Epitaph in Southern Keys Cemetery, Key West: "I Told You I Was Sick"

48 Hours in Key West: Drinking, Diving and Diversions in Florida’s Southernmost Outpost (Day 1)

It’s been dubbed “Key Weird” and dismissed as little more than a “huge floating bar”. And by most all accounts, that’s exactly what it is. So much has been written about Key West, it’s a wonder that anything new and interesting can still be said of the continental United States’ southernmost outpost.

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As far as islands go, it’s a bit of an anomaly. There are virtually no waves, which means there’s little beachfront to speak of. Yet it’s an island that’s culture and community is heavily influenced – almost defined – by the ocean and the “beach bum” mentality.

Jimmy Buffet and amazing green pie aside, Key West is well known for a select few things: drinking, diving and general debauchery. I’m a fan of all good things in moderation (usually … OK, sometimes) and a full two days on the island requires it. There’s plenty of fun to be had and if you can’t find it on island, you’re probably dead.

Here, I present a small, well balanced sampling of all that Key West can offer in just 48 hours.

Day 1: Diving and Other (Non-Alcoholic) Diversions

The whole of Key West is extremely small – approximately two miles by four miles – making it a snap to get around. Many off-strip (meaning away from Duval St. and the “downtown” area) hotels offer shuttles and taxis and pedi-cabs are never more than a few minutes wait away. If you’re not fond of walking, there are also dozens of shops renting quick, affordable transportation including scooters and pint-sized electric cars.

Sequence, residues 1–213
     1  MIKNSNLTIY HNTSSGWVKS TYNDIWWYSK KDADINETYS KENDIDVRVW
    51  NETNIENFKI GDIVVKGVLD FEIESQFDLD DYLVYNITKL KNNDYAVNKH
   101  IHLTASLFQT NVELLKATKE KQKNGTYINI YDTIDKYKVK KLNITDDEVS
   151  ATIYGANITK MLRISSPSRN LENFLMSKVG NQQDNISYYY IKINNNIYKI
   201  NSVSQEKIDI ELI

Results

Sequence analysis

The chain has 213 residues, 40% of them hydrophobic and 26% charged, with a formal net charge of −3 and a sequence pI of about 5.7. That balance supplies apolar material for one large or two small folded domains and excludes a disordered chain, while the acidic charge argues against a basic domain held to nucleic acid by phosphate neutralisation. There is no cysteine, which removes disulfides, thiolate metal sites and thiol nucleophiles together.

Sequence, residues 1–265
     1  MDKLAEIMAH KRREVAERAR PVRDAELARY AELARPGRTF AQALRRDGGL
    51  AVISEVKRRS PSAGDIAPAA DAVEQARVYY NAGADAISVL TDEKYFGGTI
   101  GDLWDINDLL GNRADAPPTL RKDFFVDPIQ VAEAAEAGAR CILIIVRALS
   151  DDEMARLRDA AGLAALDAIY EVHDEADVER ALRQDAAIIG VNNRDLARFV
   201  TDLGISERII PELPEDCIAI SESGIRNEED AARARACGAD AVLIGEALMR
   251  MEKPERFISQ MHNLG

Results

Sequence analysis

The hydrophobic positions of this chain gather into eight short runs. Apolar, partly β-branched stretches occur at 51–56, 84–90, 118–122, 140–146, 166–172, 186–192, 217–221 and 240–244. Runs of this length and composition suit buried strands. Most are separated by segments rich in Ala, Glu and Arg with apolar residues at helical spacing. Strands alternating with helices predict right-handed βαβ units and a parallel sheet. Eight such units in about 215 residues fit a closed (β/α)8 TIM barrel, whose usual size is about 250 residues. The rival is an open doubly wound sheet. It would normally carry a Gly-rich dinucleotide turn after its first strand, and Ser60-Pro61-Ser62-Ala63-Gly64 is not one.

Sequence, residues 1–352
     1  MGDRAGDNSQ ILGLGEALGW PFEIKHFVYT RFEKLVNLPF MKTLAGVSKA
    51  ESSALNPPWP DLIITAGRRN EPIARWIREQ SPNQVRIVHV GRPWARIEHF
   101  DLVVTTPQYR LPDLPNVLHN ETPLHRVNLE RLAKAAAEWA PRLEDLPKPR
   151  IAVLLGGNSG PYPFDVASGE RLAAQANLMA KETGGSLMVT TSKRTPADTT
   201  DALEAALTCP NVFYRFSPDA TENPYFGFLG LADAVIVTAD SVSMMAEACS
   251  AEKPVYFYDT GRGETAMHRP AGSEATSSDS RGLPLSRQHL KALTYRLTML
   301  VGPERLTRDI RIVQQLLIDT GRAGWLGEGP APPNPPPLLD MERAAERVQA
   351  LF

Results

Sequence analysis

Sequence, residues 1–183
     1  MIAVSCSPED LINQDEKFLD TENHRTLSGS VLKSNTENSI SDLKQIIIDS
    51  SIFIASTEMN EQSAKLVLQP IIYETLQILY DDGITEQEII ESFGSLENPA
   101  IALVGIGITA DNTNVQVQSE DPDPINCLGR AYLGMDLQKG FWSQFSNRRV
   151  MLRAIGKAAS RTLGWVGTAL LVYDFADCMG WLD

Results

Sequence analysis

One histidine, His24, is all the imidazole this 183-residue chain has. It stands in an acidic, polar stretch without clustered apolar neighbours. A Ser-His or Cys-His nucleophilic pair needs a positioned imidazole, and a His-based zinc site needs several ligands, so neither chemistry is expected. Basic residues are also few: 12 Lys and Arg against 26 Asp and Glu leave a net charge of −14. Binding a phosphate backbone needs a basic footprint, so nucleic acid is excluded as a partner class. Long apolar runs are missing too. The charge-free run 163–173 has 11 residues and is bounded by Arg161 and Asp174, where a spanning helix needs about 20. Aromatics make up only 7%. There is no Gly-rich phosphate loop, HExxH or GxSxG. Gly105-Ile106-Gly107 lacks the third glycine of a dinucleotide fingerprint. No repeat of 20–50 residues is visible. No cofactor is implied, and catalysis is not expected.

But the best, for my money (around $10-15 daily) is Eaton Bikes. They specialize in bicycle rental, sales and maintenance … and that’s it. That’s all they do. It’s a low-key shop where you can pickup a rental and be in and out in less than five minutes. It’s a great, cheap way to explore the island from ground level.

Explore the Southern Keys Cemetery

Start your morning with a relaxed visit to the quintessentially Key West Southern Keys Cemetery. It’s a delightfully disorganized mix of overpriced granite crypts, dilapidated, hundred year old, wrought iron fences and hilarious epitaphs, including this which may be the best ever:

Epitaph in Southern Keys Cemetery, Key West: "I Told You I Was Sick"
Epitaph in Southern Keys Cemetery, Key West